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Mom receives stripe from son
By Staff Sgt. Barbara Harbison, 108ARW/PA
Mom receives stripe from son

During her recent promotion, Master Sgt. Lisel White (left) had a special person to pin on her latest stripe – her son, Tech. Sgt. Steven Blackstone (right). He was at McGuire Air Force Base, training for deployment to Afghanistan.

The mother and son both joined the military late in 1994; she enlisted before him but he left for basic first. Blackstone has spent his time in the active duty Air Force and is currently working as an information manager for the Air Force Office of Special Investigation. White, on the other hand, has spent her entire military career in the 108th Air Refueling Wing. When she entered the Air Guard, she served in information management but five years ago cross-trained to become a Military Equal Opportunity specialist.

When her son was 17 and looking into joining the Air Force, his recruiter told him about the National Guard.Three days before her 35th birthday, White was sworn into the Guard.

While White was at basic training, Steven’s twin sister, Salina, came home from college at Rowan University and “stepped up to help around the house with her younger sister Elise,” said White. After her training was done, White came back home to resume her civilian career selling real estate. As she performed her military duties here in New Jersey, she watched her son as he grew in his career.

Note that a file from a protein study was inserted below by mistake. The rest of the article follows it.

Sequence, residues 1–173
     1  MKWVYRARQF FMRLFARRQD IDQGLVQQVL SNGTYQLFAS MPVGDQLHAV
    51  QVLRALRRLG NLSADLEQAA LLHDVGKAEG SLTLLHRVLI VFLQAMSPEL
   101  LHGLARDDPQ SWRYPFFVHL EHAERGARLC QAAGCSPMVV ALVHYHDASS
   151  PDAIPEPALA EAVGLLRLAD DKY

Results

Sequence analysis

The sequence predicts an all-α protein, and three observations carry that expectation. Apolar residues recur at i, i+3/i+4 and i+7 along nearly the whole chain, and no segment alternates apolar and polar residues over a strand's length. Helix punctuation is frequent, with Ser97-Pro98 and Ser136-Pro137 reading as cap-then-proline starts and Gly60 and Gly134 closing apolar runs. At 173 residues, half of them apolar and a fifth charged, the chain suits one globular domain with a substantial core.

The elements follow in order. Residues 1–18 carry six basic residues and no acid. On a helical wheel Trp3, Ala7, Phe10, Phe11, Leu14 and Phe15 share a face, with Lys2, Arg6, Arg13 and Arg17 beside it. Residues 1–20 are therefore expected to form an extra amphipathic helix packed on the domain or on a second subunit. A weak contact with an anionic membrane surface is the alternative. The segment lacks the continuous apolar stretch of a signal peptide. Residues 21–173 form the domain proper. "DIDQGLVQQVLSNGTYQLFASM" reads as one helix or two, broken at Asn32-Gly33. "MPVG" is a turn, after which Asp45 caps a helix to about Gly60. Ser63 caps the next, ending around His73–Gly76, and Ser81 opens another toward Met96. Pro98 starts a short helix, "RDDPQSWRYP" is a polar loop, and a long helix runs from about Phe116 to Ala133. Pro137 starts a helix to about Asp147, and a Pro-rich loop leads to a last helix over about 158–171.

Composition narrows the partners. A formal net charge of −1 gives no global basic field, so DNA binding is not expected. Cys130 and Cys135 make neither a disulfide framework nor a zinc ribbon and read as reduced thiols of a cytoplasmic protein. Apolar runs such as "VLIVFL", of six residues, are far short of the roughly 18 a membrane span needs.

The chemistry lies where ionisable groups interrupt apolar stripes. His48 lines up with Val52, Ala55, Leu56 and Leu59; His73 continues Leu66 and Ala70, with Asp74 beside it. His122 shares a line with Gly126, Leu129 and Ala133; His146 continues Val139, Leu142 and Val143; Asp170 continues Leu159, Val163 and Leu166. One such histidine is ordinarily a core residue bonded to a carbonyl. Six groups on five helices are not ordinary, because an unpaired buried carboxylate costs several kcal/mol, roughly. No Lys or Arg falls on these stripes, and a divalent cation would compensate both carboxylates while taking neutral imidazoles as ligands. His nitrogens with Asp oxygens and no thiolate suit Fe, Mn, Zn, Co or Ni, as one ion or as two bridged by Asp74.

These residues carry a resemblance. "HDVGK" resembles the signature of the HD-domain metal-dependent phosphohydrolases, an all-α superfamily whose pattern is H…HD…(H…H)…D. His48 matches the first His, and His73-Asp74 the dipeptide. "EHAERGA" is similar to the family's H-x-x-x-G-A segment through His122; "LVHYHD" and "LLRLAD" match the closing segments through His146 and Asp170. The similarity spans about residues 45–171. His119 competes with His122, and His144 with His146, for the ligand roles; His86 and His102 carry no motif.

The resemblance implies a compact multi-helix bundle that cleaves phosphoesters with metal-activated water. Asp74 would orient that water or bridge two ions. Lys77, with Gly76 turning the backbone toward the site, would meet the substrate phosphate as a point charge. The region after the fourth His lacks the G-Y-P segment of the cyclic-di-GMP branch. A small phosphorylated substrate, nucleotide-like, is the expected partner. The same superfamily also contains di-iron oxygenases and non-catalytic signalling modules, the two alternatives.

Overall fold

Both Blackstone and White admit that having a family member in the military makes communication about their military lives easier and both continually express admiration for each other’s careers. White said that she was, “honored to have Steven here to pin on my rank at the promotion ceremony.”

They share another love in their lives also – singing. White is known in the 108th as half of the duo that sings the national anthem at virtually every occasion at the wing. Blackstone is also a singer and according to his mother, they sang together while he was home this time at a gospel fest in New York City. With practice in the car on the way to the event, they combined voices for what she said was a very good performance. And as any normal mother would do, she bragged that he had sung the national anthem for a Charlotte Hornets/New York Knicks game while he was stationed at Seymour Johnson.

Pride was evident also in Blackstone as he talked about his mother.  “My hat is off to her.  After being established as a civilian, joining the military took the cake,” he said. “It is a blessing that she can serve in this capacity.  “I’m proud to have her as one of my fellow Airmen."

Table of Contents
Volume 33 Number 5 Staff / Information
(c) 2008 NJ Department of Military and Veterans Affairs